Augmentation of the ‘real’
The project ‘living-room2’ intends to explore different realities that have emerged as a result of digital technologies. ‘living-room2’ takes the concept of augmented reality, or augmented space as a starting point. Media theorist Lev Manovich describes augmented space as overlaying layers of data over the physical space. Coined around 1990, the concept of “augmented reality” is opposed to “virtual reality” (VR). With a typical VR system, all the work is done in a virtual space; physical space becomes unnecessary and its vision is completely blocked. In contrast, AR system helps the user to do the work in a physical space by augmenting this space with additional information. (Lev Manovich, Poetics of augmented space. Learning from prada, 2002)
The augmented reality system allows the user to see virtual objects, which are embedded in the physical environment. While "virtual reality" completely immerses the user in an illusionary synthetic world, "augmented reality" adds synthetic elements to the user’s perception of the real world.
Integrating different realities, Augmented Reality could also be interpreted as ‘mixed’ or ‘hybrid’ reality.

Perceiving plural realities
Augmented, mixed or hybrid realities require a new way of perception, one that is based on simultaneous experience of the ‘real’, ‘the mediated’ and the ‘virtual’. Perception of these different realities has become unified. Thus, mixed reality triggers a new extended vision, a polymorphous way of looking that includes a multiple perspective on realities.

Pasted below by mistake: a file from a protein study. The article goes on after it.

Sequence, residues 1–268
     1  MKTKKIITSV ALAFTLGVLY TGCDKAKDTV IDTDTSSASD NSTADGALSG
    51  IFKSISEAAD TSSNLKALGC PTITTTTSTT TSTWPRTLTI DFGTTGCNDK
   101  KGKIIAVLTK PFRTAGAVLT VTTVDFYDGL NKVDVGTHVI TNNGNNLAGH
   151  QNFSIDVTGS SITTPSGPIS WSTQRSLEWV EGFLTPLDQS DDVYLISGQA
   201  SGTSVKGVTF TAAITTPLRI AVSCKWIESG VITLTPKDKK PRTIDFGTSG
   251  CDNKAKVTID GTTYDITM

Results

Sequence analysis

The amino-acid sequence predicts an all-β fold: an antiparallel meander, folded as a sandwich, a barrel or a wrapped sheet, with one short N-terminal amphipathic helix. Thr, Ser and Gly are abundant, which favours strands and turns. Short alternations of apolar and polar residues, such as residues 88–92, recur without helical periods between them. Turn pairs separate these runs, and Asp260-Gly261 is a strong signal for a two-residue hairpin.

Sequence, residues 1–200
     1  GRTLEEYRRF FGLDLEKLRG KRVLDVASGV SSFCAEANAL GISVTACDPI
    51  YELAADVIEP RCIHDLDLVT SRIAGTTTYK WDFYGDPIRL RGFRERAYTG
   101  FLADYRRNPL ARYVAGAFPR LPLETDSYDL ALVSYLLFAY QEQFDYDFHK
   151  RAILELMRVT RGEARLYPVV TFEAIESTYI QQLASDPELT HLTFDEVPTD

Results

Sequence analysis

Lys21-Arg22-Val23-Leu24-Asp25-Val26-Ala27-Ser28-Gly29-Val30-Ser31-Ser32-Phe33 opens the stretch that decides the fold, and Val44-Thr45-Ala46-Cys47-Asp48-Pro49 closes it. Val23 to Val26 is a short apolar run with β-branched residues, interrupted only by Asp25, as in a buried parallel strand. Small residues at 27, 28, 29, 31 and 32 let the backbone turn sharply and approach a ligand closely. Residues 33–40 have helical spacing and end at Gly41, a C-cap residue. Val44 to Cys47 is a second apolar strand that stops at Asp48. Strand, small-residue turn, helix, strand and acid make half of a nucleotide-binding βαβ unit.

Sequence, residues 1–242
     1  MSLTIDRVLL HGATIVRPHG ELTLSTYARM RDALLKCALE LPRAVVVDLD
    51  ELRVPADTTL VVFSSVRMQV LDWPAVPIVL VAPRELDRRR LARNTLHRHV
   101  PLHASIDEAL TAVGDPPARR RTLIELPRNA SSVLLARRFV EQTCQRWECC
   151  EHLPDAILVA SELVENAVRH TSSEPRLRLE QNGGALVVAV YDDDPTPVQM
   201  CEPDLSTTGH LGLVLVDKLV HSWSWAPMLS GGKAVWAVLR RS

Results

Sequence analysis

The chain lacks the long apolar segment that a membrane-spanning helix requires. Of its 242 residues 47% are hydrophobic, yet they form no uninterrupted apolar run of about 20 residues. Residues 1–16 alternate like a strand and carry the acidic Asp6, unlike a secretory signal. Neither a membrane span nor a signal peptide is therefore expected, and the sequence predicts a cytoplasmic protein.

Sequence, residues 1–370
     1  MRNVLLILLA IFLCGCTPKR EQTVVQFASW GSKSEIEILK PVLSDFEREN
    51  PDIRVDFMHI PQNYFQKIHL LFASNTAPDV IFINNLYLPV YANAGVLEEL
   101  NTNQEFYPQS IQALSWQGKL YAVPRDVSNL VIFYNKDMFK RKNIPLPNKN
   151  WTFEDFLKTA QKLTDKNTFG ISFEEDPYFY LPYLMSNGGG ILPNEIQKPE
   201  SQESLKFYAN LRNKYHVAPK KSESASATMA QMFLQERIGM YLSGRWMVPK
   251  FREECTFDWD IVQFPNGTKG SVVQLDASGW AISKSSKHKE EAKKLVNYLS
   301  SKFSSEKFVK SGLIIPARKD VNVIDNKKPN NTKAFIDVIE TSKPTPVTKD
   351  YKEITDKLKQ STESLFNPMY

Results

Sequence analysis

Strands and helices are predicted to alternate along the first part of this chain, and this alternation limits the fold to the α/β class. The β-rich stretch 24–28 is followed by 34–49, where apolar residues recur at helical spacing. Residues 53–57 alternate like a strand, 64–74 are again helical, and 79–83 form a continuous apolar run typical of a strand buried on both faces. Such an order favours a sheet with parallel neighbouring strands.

On the other hand, sensory perception based on one reality (touch for example), emphasizes the border between the different spaces, supporting a distributed perception.
For the purpose of user experience, mixed reality raises several questions. How to ‘synchronize’ these different realities in terms of aesthetics and human-computer interaction?  How to establish a new experience design for users of augmented spaces?

Transparent interfaces
The most profound technologies are those that disappear. They weave themselves into the fabric of everyday life until they are indistinguishable from it.
(Mark Weiser, Computer for the 21st century, 1991)

According to Mark Weiser, Human Computer Interaction should be natural and seamlessly fit into our daily life activities and gestures. In an era of ubiquitous computing, interfaces are becoming more transparent and embedded in daily life objects, supporting the users' acceptance of digital technologies embedded in our daily life.
In an augmented reality environment transparent interfaces are equally important to support the user experience. In mixed reality, objects and space have become the interface. ‘living-room2’ introduces several transparent interfaces to immerse the user within  the hybrid  reality space.

Wearable vision
The immersive system proposes a ‘wearable vision’, an interface as an extension of our visual perception. The HMD presents the ‘polymorphous look’ as our natural way of seeing. 

Tangible interfaces
Objects in / elements of the physical space are used as interfaces. Thus, touch is used to synchronize physical and virtual space.